Father Donald Senior, CP

June 18: Solemnity of the Body and Blood of Christ

Sunday, June 18, 2017

Dt 8:2-3, 14-16; Ps 147:12-13, 14-15, 19-20; 1 Cor 10:16-17; Jn 6:51-58

As a boy growing up in Louisville, Kentucky, I found that one of the most exciting Sundays of the year was the Feast of Corpus Christi. On that day, large crowds of Catholics would descend on Churchill Downs, the famed track where only a few days before thoroughbreds raced for the roses in the Kentucky Derby.

But this was a different scene — men and boys from each parish would march in procession around the track, following the archbishop of Louisville who carried the monstrance with the Eucharist, accompanied by a brass band playing hymns. The stands would be filled with women and girls (this was the 1950s, folks) enthusiastically applauding their parish as its representatives passed the finish line.

I understand that the origin of this wondrous display originated at a time in Louisville when Catholics were considered a somewhat suspicious minority. The Corpus Christi procession shouted out, “We are here and we are the Body of Christ!” In a somewhat different mode, the great theologian and bishop of the 4th century, St. Augustine, proclaimed the same basic truth in one of his sermons: “If you want to understand the body of Christ, listen to the Apostle Paul speaking to the faithful: ‘You are the body of Christ, and its members [1 Cor. 12:27]. … When you hear the body of Christ, you answer, Amen. Be a member of the body of Christ, so that your ‘Amen’ may be true!’”

In celebrating the Body of Christ we are affirming two interrelated convictions of our Christian faith, reflected in the Scripture readings for this beautiful feast. First, we remember God’s nourishing love for his people. As the first reading from Deuteronomy recalls, God fed Israel with manna during their desert trek to freedom. When the people were weary and discouraged, God miraculously refreshed them by sending sweet-tasting manna as a kind of bounteous dew-fall that the people could harvest each morning.

The biblical author urges the people not to forget the loving kindness of the God who “guided you through the vast and terrible desert … and fed you in the desert with manna.” (The Bible also reminds us how human the people were. Later they tire of eating manna and complain to Moses for a change in diet.)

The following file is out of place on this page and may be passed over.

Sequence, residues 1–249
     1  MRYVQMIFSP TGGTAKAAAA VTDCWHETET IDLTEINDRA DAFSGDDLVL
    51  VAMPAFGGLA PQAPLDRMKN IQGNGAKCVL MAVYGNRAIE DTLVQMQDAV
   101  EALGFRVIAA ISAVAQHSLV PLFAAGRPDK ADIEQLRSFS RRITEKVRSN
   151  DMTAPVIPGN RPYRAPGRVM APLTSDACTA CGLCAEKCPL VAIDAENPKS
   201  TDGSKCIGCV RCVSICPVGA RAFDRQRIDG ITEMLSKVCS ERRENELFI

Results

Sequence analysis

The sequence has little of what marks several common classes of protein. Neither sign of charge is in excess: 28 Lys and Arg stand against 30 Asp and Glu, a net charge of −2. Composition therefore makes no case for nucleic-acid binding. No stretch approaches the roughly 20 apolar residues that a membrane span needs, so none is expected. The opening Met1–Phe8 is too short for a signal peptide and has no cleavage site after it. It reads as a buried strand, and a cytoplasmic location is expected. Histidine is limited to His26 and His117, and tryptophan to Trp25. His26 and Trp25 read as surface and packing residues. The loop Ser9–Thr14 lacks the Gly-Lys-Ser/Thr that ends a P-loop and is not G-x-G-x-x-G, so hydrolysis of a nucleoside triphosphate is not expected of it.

God’s desire to care for his people and nourish them finds its ultimate expression in the person of Jesus, God’s gift of love to the world. The Gospel passage from John’s Bread of Life discourse presents Jesus’ loving presence, his “body and blood,” as true “food.” In John’s eucharistic language, the bread that Jesus gives “is my flesh for the life of the world” — a reference to the death of Jesus, the ultimate sign of God’s redeeming love.

The reading from Paul’s First Letter to the Corinthians brings us to the second dimension of this feast — the astounding fact that we, as the community of Jesus’ disciples, are, in fact, his “body.” “We, though many, are one body for we all partake of the one loaf.” Later in this same letter, Paul affirms over and over: “We are the body of Christ.”

This is the point that St. Augustine was making and, to an extent, so did the Catholic procession at Churchill Downs when I was growing up. Nourished by God’s love, absolutely privileged to participate in the Eucharist, we are to be Christ’s “body” in this world. As Augustine observed when we are about to receive Communion and the priest or minister declares, “The Body of Christ” our “Amen” not only affirms that Christ is present in the Eucharist we are about to consume, but we also assent to the incredible realization that we are the body of Christ.

Through the witness of his disciples, bound together in faith and love, committed to witness to the Gospel by our words and actions, the presence of Jesus is brought to our world. We, as frail as we may be, are called to bring life-giving nourishment to a world that struggles “through the vast and terrible desert.”



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